“It’s ridiculous,” says Susan Whitten, managing director of organic and healthy foods and in-the-moment foods for Whole Foods, “that we still have to put on these clothes to go in the office, no matter how casual it’s gotten. I personally don’t bring my clothes to work at all, and I think a lot of us don’t even own them. All you need is an outfit, and then the next day, everyone can go to work in their work clothes.
“All the benefits of having it be a little more casual are really just self-empowerment,” Ms. Whitten adds. “You can trust yourself to look professional, but you also know you can change your mind. You’re not walking in on the boss glaring at you if you’re a little bit baggy today. It’s also just fun, which is why younger people are so excited about it.”
Some more etiquette tips:
No dress codes. “Lots of workplaces don’t have formal dress codes,” says Samantha Patrick, deputy editor at ShopClues.com, “but if people are behaving as they should, nothing needs to be defined.”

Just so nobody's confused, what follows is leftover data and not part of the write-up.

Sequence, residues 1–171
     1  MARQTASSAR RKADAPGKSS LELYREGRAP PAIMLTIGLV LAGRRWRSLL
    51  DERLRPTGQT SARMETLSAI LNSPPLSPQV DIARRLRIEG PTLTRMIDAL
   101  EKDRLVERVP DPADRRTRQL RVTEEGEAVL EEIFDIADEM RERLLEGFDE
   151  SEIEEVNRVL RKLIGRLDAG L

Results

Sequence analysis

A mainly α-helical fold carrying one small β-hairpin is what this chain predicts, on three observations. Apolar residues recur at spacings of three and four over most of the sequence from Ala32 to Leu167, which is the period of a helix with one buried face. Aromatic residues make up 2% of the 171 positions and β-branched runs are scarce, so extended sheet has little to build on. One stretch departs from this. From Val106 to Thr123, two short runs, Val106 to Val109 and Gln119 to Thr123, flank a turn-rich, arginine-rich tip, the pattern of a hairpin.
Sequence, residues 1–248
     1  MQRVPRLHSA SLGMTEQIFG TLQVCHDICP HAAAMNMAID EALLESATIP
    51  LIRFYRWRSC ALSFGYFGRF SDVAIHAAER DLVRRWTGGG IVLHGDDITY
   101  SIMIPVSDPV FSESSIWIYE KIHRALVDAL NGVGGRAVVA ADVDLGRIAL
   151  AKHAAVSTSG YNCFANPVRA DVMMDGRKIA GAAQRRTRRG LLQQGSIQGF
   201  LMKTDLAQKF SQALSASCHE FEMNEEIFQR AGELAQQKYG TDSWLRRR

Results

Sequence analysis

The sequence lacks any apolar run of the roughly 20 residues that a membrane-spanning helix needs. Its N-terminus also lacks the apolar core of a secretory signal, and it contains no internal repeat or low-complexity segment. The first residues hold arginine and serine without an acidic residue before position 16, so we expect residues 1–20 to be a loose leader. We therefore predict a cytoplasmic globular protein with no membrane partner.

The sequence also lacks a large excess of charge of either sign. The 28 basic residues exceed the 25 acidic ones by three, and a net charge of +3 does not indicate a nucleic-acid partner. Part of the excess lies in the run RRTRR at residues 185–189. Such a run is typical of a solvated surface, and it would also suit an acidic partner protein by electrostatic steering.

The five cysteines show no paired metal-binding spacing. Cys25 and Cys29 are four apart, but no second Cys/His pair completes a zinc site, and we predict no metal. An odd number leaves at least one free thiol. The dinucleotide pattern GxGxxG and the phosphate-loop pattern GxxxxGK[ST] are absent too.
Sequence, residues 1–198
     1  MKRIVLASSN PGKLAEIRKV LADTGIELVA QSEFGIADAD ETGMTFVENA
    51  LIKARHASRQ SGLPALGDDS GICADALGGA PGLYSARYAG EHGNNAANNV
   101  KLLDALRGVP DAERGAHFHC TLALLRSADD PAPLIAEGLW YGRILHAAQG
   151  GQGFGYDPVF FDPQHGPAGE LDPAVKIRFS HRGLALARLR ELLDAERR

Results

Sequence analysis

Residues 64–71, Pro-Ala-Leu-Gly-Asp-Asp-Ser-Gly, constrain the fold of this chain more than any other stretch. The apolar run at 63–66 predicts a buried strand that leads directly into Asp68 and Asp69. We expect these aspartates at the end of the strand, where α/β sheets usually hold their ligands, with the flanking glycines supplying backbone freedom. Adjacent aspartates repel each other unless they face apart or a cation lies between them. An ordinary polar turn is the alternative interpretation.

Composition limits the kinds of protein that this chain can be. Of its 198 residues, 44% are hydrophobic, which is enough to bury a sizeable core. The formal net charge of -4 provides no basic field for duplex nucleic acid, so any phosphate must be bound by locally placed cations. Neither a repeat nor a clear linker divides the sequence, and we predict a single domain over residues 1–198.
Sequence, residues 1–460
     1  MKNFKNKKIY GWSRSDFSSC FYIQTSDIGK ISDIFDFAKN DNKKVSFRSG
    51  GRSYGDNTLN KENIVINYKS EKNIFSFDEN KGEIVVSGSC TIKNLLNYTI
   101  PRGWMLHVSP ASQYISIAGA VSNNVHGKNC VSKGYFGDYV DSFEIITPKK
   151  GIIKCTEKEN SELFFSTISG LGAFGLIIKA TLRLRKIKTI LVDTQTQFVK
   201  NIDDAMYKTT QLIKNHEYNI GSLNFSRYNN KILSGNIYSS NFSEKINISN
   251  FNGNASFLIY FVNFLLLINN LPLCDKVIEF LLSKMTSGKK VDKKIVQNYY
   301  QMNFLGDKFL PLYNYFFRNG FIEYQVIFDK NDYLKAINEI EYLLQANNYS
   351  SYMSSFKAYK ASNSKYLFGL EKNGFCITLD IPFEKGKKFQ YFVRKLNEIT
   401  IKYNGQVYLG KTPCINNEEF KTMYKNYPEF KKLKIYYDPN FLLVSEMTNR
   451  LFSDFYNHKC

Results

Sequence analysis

Slip rules. What happens when both colleagues on a team are dressed in the same outfit, however? “If everyone is crossing their arms with slacks and polo shirts, you won’t get excluded from the conversation,” says Ms. Patrick. “When there’s ‘slip into the conversation,’ people get into it. The other person will definitely invite them over for drinks and take them out to eat or join them for an office party.”
The right purse or pouch. No one should wear a giant bag to work, the rules say, but a laptop bag or clutches won’t let your hands slip off the keyboard. It’s less common, Ms. Patrick adds, to see people wearing a tea or coffee pot as a purse, but “it’s always a good idea to have a perfect, stylish accessory in your hand for touching up or using.”
Face it: This doesn’t make for fun Fridays. And don’t come in for a coffee and find the office doesn’t even have an open beer tap. Your conduct will be critical to your overall performance.